Pokemon Ruby and Sapphire Were the Most Difficult Games in the Series to Create, According to Junichi Masuda

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The jump to the Game Boy Advance proved to be very stressful.

Pokemon Ruby and Sapphire released for the Game Boy Advance back in 2003. The developers of the game were not only tasked with coming up with new monster designs and a whole new region to explore, but Game Freak was moving from the Game Boy Color to the Game Boy Advance and had to surpass the greatness that was Gold/Silver. The development of the third game in the Pokemon series proved to be very difficult for the team, especially for Pokemon Director, Junichi Masuda.

In an interview with Game Informer, Junichi Masuda discussed just how the development process was like, and why transitioning to a new handheld proved to be pretty arduous. “With Ruby and Sapphire, the screen got a little longer and it was a different aspect ratio, a lot more colors and sound channels so the tech was improved dramatically. It allowed us to do a lot more and gave us more freedom, but at the same time it made it take a lot longer to do things and was more resource-intensive,” Masuda explains.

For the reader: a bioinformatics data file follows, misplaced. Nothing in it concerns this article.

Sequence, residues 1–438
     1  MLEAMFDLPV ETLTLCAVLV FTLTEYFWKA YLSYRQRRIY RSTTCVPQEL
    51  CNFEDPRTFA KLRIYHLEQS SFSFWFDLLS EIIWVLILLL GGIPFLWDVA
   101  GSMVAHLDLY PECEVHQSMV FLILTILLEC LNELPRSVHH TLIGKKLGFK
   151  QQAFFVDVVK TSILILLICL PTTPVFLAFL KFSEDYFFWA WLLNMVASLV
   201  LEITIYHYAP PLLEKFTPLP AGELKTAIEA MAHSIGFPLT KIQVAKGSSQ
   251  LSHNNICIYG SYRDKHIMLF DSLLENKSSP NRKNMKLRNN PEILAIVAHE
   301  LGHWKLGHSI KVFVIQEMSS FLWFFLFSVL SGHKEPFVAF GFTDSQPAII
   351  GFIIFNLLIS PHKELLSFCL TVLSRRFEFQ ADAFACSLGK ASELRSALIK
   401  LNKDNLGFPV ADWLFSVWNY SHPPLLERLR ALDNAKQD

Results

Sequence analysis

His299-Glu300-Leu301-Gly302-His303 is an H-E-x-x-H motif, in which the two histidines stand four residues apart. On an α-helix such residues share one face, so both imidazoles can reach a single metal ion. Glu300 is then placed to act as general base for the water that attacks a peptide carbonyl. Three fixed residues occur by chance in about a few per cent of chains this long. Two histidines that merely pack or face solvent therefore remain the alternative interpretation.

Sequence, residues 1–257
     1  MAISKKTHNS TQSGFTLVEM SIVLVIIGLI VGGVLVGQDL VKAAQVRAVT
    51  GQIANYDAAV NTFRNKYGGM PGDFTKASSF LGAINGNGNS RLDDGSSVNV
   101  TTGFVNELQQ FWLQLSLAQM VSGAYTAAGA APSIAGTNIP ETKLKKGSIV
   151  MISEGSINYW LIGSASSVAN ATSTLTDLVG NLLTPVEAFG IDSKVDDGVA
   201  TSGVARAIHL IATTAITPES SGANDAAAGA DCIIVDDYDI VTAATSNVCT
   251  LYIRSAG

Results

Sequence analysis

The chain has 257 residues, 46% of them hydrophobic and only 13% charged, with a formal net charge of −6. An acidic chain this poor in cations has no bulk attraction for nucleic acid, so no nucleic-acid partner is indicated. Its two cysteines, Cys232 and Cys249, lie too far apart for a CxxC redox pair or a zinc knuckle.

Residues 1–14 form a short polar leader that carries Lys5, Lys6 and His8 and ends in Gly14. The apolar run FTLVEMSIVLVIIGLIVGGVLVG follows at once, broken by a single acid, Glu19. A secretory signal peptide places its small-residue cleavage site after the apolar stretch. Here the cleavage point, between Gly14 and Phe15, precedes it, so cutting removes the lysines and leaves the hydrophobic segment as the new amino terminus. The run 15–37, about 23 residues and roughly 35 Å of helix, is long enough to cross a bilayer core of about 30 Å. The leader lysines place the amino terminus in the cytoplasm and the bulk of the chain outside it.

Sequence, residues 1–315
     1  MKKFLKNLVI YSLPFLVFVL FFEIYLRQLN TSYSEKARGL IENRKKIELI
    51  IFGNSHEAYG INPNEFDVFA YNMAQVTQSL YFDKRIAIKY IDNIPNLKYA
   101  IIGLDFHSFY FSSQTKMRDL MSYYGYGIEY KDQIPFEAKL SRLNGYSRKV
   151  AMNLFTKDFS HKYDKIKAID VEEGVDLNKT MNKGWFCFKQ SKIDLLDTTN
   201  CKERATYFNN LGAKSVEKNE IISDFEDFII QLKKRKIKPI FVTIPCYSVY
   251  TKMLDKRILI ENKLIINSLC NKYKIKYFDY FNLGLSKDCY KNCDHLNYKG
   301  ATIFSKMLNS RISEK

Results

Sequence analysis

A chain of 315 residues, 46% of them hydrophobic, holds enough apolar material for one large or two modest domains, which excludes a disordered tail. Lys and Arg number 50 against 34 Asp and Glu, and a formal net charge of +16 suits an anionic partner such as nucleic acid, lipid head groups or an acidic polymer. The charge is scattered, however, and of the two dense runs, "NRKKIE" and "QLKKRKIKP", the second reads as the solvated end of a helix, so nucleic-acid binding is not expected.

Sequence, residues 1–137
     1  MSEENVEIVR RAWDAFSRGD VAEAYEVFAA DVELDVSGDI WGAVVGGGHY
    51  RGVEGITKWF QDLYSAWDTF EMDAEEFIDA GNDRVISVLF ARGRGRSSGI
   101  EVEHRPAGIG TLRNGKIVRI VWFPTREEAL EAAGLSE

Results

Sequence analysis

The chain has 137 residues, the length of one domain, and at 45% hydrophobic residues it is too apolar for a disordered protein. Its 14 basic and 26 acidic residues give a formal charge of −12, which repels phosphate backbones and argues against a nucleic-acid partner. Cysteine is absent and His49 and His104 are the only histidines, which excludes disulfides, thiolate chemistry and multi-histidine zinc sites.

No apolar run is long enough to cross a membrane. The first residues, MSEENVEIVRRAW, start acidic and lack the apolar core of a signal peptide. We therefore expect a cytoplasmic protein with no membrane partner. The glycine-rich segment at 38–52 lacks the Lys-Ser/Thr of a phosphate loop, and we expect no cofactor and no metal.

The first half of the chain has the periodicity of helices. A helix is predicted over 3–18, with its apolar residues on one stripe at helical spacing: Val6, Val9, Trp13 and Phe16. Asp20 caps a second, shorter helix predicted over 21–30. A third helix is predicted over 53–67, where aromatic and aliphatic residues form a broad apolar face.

Masuda was also worried that people were over Pokemon and that the new game would not sell like its predecessors, “The next time I visited [America] it was all Star Wars. Everyone was saying it was on a downtrend, the fad’s over and I really felt that pressure to make something amazing.”

The stress of working on Ruby and Sapphire eventually led to Masuda ending up the hospital one night and he had a nightmare about the game being a “complete failure”. These two games ended up being universally loved as critics praised the glorious debut of Pokemon on the Game Boy Advance.

Game Informer went to Game Freak in Japan to learn more about the Pokemon franchise, where they did ton of other interviews and video features, which you can check out here.


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